In a press conference with reporters this morning, California Democratic Rep. Maxine Waters laid out her defense against three charges leveled at her by the House ethics committee. Waters has been accused of arranging a 2008 meeting between Treasury officials and executives from OneUnited Bank, in which her husband was a large shareholder. The bank later received $12 million in TARP aid.
Waters, like fellow Democratic Rep. Charlie Rangel, denies the charges and has requested a public trial before the ethics committee. Since a trial has yet to be scheduled, she gave a press conference this morning in order to lay out her defense.
Speaking quickly and precisely, Waters explained the chronology and details of the 2008 meetings. She stressed that she organized a meeting between Sec. Henry Paulson and a trade association that represented a large number of banks, not just OneUnited:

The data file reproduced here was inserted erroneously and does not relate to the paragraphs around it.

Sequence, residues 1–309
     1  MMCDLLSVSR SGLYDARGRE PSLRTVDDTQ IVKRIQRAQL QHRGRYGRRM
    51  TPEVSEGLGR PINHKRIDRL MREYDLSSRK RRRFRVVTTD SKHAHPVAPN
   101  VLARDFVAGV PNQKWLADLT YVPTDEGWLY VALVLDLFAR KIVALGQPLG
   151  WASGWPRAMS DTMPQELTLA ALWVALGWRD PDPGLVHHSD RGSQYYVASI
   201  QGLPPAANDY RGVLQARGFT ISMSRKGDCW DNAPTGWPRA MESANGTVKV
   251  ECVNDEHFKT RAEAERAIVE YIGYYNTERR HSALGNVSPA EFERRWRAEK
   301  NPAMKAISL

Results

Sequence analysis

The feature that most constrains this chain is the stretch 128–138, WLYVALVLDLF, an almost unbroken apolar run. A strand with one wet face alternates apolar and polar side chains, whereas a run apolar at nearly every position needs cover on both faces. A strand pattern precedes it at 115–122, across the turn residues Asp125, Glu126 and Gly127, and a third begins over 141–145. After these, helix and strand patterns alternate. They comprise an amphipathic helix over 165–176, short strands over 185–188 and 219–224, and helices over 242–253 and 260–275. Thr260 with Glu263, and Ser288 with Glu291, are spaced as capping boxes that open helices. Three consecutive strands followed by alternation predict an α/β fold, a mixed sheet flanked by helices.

The question at this point should not be why I called Sec. Paulson but why I had to. It should be why a trade association representing over 100 minority banks could not get a meeting at the height of the crisis. ... I did not suggest any solution or ask for any favors. I did not ask for a meeting for any individual bank, including OneUnited Bank. I did not suggest who would be participants in that meeting. I did not attend that meeting. And there was no such thing as TARP at that time.
She claimed that once she realized that OneUnited was in a tough spot, she reached out to Rep. Barney Frank, chairman of the House Financial Services Committee -- which was involved in shaping the use of TARP funds -- in order to distance herself from her husband's interests in the bank.